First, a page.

Next up is contact practice, this can also be a challenge for some dogs since contact and target practice is such a huge part of everything that comes along with agility. Basically, target practice is when you teach a dog to stop, nose to the ground and wait for your command to follow (but you can use it for a bunch of other things, including obedience training as well). We use simple dog food can covers here at practice for targets to concentrate on, but you can probably use just about anything bright that contrasts well with the ground. We also use a wooden board on the grass; this is so the dog realizes their back paws are on something and makes them aware of their rear end which is extremely important during any run.
Brizzy tends to only need a few feet to realize it’s time to go, runs across her board guided by some garden fence and stops with her front two paws on the grass, nose to the target waiting patiently for me to reward her. Two treats later, I run past then call her to follow, only then does she release to me for another reward. We repeat this a few times, taking frequent breaks. In the Florida humidity it doesn’t matter that we work in shade, dogs can easily overheat; we make sure each dog is rested between each exercise in their individual crates with water. Between these exercises we listen intently to the instructor as she tells us what we can work on by ourselves at home and how to do so.
When it’s summer down here in Florida, it’s very hard to go outside and work our dogs for a significant amount of time. Practices normally only last about an hour, with 25-30 minutes of it being used working our dogs. The instructor stresses the importance of using every day household items to work and practice indoors for our dogs’ sakes and reminds us they will easily be able to understand when we’re out in the field again. By this time Brizzy is pretty much exhausted and wants nothing more than to jump in her crate and lay down panting.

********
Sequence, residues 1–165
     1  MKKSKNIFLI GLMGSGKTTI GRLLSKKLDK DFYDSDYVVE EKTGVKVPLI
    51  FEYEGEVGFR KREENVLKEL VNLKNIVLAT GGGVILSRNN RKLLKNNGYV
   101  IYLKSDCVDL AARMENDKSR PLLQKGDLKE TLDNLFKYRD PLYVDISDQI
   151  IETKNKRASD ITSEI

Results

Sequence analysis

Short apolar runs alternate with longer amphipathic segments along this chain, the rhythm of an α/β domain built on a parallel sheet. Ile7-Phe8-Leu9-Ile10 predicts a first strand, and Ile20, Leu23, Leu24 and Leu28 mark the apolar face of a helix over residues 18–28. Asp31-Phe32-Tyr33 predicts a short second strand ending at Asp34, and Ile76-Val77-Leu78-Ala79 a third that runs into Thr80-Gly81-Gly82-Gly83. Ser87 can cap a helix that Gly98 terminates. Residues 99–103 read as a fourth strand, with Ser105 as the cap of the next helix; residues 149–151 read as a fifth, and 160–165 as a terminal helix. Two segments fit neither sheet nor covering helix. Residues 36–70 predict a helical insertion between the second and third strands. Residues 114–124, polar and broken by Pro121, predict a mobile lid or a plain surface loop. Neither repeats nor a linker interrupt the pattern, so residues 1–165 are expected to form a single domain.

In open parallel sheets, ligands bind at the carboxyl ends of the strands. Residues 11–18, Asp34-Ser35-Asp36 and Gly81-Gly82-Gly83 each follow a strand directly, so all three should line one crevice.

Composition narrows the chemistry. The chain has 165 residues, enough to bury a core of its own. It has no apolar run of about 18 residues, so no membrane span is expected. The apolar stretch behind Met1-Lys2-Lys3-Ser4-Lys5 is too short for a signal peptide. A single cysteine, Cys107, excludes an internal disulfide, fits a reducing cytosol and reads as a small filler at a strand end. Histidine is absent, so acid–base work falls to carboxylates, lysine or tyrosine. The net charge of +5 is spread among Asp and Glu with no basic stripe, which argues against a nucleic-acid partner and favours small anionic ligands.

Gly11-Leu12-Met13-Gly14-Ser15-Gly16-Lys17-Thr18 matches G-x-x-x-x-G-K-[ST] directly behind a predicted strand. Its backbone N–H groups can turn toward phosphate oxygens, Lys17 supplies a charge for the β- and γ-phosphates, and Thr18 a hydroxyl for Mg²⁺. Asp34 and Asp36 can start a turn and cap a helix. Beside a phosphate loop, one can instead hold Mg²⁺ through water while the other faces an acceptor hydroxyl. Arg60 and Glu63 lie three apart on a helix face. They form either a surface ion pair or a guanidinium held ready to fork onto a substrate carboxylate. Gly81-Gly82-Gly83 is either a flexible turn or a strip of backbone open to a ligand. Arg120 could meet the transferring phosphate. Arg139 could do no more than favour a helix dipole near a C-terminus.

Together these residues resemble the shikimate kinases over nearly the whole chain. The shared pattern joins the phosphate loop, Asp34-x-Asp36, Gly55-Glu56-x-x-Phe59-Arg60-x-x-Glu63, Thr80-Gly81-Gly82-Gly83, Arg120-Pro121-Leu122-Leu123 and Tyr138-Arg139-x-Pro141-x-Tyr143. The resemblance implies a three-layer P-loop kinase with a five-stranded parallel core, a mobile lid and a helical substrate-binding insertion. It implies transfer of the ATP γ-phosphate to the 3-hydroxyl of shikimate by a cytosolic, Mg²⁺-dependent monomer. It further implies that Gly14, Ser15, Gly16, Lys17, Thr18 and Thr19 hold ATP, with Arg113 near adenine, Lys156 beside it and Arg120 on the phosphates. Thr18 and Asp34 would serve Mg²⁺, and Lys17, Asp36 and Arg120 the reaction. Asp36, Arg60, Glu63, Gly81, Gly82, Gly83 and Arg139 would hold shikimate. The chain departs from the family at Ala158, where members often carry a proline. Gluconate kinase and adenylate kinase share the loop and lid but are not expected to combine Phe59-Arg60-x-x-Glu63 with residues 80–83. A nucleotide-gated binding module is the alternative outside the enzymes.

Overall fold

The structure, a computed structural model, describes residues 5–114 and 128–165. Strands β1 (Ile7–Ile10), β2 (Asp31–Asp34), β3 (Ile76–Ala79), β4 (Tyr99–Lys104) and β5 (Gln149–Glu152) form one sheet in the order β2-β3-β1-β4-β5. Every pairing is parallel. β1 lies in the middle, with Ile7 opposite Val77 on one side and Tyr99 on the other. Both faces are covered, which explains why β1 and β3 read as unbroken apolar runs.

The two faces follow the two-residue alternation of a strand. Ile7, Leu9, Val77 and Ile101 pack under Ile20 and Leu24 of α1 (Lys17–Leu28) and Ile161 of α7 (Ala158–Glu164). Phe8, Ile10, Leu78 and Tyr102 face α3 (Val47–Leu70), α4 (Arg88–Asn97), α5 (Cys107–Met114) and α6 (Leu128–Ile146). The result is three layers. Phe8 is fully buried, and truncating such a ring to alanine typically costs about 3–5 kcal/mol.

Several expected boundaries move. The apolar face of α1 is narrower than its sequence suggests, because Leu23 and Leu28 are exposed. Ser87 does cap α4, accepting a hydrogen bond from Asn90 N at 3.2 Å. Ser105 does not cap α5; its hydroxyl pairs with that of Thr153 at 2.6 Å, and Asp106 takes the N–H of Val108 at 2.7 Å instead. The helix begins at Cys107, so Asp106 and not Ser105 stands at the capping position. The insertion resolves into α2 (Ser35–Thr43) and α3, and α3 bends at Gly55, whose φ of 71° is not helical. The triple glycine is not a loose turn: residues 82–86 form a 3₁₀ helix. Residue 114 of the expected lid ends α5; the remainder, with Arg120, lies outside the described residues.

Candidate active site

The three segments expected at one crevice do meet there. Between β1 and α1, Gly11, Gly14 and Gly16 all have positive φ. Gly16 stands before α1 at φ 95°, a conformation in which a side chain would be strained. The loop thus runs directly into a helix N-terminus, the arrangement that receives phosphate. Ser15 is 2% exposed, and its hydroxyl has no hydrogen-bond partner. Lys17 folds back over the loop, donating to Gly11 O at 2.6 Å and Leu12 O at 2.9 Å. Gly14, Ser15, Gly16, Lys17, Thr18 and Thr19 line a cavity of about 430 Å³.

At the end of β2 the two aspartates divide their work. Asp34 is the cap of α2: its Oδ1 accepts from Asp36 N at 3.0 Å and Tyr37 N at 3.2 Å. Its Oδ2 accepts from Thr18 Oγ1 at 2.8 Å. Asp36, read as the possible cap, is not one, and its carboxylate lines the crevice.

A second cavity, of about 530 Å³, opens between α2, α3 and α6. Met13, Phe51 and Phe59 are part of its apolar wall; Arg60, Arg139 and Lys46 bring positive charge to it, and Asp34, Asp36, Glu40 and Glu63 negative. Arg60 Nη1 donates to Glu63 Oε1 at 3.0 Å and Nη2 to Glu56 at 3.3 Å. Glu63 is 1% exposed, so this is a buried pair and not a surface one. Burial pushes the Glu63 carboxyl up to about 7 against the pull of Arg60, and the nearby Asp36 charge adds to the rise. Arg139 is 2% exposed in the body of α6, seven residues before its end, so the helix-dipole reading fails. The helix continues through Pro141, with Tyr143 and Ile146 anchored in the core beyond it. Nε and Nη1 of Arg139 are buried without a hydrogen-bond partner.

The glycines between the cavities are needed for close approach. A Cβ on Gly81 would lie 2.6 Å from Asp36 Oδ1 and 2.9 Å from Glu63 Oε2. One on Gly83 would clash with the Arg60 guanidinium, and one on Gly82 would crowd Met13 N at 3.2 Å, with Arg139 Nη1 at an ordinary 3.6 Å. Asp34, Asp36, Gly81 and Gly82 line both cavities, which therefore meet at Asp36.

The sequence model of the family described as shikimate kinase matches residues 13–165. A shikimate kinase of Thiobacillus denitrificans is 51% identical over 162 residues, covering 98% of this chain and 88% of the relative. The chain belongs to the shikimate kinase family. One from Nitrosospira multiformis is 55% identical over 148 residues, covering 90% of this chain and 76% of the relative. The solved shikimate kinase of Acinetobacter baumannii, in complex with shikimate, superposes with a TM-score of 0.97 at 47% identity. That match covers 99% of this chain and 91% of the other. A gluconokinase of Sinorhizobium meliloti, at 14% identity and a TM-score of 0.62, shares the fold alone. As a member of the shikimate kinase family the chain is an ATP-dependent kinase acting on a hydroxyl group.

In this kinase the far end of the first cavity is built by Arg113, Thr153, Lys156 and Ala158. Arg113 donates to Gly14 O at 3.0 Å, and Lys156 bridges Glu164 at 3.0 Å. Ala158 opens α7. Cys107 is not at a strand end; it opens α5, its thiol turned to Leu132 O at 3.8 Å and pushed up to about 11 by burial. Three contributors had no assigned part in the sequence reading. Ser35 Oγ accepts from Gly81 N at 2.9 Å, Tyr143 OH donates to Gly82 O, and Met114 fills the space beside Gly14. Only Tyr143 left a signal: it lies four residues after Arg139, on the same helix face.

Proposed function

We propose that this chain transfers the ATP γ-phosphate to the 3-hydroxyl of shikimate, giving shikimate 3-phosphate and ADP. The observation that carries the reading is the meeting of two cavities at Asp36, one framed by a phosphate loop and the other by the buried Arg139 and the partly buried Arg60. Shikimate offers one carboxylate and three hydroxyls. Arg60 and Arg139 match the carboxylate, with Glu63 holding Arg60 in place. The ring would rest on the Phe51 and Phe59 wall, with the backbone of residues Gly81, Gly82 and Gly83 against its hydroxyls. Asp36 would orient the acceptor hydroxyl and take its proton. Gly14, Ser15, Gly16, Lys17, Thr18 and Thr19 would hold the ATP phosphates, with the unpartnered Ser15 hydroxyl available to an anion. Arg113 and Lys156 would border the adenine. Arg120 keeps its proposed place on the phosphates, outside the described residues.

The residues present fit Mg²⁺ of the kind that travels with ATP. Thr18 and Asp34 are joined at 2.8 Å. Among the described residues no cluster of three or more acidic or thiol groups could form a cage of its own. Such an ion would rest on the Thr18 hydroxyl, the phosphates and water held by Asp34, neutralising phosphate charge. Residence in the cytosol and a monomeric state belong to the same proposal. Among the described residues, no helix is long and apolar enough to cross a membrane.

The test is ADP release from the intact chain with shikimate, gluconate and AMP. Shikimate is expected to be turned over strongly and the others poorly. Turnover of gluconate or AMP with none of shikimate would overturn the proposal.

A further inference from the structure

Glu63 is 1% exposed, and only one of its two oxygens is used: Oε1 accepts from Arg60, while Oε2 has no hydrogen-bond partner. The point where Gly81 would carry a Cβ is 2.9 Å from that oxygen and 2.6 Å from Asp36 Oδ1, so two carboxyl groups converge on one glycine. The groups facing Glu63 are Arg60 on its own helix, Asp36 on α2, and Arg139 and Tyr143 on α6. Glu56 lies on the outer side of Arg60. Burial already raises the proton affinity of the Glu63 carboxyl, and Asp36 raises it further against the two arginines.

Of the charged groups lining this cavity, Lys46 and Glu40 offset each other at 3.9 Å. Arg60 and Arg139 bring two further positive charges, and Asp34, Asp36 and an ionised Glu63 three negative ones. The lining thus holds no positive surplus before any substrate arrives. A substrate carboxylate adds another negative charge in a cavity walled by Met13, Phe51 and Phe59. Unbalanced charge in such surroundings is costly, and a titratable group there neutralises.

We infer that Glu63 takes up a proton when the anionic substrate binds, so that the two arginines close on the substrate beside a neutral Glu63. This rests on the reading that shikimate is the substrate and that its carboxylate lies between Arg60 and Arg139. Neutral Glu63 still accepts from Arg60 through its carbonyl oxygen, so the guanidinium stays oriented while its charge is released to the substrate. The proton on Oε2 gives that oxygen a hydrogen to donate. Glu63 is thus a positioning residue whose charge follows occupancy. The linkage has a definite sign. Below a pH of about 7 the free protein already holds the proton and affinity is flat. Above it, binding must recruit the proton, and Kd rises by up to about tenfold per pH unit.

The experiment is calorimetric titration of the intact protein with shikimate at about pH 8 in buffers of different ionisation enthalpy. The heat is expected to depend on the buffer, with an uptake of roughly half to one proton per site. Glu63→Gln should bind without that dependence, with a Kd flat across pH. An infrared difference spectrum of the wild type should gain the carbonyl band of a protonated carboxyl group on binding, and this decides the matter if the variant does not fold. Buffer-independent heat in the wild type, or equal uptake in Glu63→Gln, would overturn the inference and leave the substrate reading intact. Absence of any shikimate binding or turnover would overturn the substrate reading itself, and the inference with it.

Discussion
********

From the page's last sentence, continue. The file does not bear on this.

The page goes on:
The instructor releases us to go, reminds us what we can each work on over the week individually and will be sending us some videos to watch on our next exercises if we wish to practice a bit on our own. I bring Brizzy to the car first, turning it on and waiting for the air conditioning to circulate the car fully before bringing her in. I let her relax and run to grab her crate and other items.
11:00am – 8:00pm: Rest!
The rest of the day for Brizzy is mostly rest; you can’t overexert any dog to learning things constantly. They need time to rest and enjoy just being a dog; I can’t stress this enough. Exhausting your dog will only lead to more problems in the end and can easily lead to injuries or worse. I keep her in the air conditioning for the rest of the day while I work with Orion on basic commands and recall. I only bring her out to go on a nice mile walk with Jinx after the sun goes down. It’s still humid, but it’s no longer in the 90’s, so she’s easily able to regulate her temperature.
I tend to take this time to plan her next training session as well as our next outing to the lake or beach. Recreational exercise is extremely important for any dog, but especially a dog you want to condition such as a performance dog. After we get back from our walk, we all get ready for bed while I watch the videos the instructor sent to us to review while planning her training at the dog park the next day. Every day is training in some way, even everyday things such as a walk around the neighborhood is an opportunity to train something simple.
For an agility dog, there’s never really stopping, you’re always learning.
Guest post by Ashley Hunter, proud dog mom to Brizzy, Jinx, and Orion. You may follow their adventures on Instagram.